1. Introduction

This is a continuation of an overview article on string similarity metrics. This tutorial concentrates on the sequence-based methods mentioned:

  • Longest Common Substring
  • Longest Common Subsequence
  • Gestalt Pattern Matching

The longest common substring and the longest common subsequence differ only in that in the longest common substring algorithm. The ‘sequence’ is restricted to consecutive characters. The longest common subsequence finds groups of consecutive substrings.

In these two methods, the similarity of two strings is based on the common length.

The gestalt pattern matching uses the longest common substring recursively to establish a similarity measure.

In the following sections, we’ll go into more detail.

2. Longest Common Substring

One tool we can use towards string similarity is finding the longest common substring (LCS). The longer the longest common substring is, the more similar the two strings are. We define the longest common substring as:

Given two strings, ‘X’ and ‘Y’, find the length of the longest common substring.

Finding the longest common substring can be used as the basis of a string similarity method by recursively finding the LCS in the first and subsequent rest strings (those characters not in the LCS). This is the basis of the Gestalt Pattern Matching.

To find the LCS of two strings, the conceptually simplest approach is to first find all substrings of one (the smallest) string, X, of length m. This can be done in O(m^2) time. For each of these strings, determine whether it is a substring of the second string, Y, of length n. This can be done in O(n) time. The total time complexity is O(n m^2).

An implementation of this method, also showing the complexity, can be seen in our article on finding the longest substring without repeating characters. One method to improve the complexity of the algorithm is to use dynamic programming. This method builds a matrix of the character overlaps.

2.1. Dynamic Programming

The complexity of using dynamic programming is much better than the simple approach. Namely, O(n \times m), where m and n are the lengths of the strings to be compared. The heart of this method is to build a (n+1) by (m+1) matrix, where the rows and columns are the characters in each string, respectively. In this method, we find the longest common suffix, meaning the longest substring in both strings with the same ending.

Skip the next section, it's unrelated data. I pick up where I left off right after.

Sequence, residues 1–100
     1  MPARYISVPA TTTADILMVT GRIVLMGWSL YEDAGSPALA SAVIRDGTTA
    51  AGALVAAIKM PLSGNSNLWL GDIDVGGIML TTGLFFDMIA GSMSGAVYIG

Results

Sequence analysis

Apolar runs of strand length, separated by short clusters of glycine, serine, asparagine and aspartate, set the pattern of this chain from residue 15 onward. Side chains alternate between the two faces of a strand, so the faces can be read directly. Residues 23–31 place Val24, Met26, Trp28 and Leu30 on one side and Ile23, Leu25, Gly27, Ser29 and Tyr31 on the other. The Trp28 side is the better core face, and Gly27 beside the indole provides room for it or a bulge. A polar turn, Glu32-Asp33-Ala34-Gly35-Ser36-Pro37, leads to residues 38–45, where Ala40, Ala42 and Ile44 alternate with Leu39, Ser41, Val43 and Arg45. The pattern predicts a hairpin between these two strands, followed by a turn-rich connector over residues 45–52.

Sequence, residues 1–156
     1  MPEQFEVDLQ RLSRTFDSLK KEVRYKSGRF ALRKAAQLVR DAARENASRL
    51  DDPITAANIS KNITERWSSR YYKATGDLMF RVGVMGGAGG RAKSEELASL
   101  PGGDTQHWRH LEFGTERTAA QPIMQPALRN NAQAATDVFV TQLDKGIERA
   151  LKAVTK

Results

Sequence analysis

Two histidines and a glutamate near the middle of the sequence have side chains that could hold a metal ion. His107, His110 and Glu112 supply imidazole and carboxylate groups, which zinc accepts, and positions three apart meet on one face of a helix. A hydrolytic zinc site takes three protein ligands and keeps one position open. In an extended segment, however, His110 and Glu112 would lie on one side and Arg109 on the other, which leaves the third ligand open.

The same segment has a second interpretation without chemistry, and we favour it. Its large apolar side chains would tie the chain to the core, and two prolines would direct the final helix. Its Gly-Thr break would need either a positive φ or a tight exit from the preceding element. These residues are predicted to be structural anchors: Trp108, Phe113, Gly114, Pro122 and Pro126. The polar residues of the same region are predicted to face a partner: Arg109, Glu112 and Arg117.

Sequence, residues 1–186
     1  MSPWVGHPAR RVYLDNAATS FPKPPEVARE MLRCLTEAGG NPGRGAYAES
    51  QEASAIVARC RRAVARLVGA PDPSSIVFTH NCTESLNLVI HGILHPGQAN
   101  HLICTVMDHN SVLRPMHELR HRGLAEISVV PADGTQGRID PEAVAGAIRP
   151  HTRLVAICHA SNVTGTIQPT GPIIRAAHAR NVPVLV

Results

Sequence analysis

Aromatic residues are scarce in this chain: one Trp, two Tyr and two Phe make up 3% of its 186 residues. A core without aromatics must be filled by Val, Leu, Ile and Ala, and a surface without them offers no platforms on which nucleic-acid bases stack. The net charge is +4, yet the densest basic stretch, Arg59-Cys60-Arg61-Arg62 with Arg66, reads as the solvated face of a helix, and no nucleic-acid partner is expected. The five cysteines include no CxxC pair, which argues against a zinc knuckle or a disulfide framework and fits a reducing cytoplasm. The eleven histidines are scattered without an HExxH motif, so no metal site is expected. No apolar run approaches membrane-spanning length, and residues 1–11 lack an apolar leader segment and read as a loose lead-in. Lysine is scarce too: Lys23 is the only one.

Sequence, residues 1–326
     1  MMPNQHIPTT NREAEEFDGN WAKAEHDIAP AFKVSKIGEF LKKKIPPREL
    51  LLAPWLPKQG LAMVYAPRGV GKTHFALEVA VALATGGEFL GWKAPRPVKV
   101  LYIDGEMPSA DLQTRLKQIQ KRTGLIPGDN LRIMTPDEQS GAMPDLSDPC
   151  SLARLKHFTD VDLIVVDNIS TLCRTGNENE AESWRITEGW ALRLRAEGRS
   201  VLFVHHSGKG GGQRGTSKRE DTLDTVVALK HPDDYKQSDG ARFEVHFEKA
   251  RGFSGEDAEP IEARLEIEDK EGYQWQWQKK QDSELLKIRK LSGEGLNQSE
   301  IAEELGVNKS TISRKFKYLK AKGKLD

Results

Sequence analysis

To do this for a string X of size m and a string Y of size n, we first build a matrix, LCS, of size m+1 by n+1 where LCS(i,j) have the following properties:

Rendered by QuickLaTeX.com

For example, if we have two strings, X=(ABABC) and Y=(BABCA), the matrix we would build is:

Rendered by QuickLaTeX.com

Since the largest number is 4, we know that the longest common substring is four characters long. To find the substring itself, start at the largest number, 4 in this case, and then count down to 1:

Rendered by QuickLaTeX.com

We can see that the complexity of this algorithm is dominated by the looping through the characters, so O(n \times m).

3. Longest Common Subsequence

The difference between the longest common sequence and longest common substring is that the ‘sequences’, unlike substrings, are not required to occupy consecutive positions within the original sequences. There can be gaps in characters that don’t match. For example, in the two sentences:

The fox jumped over the high fence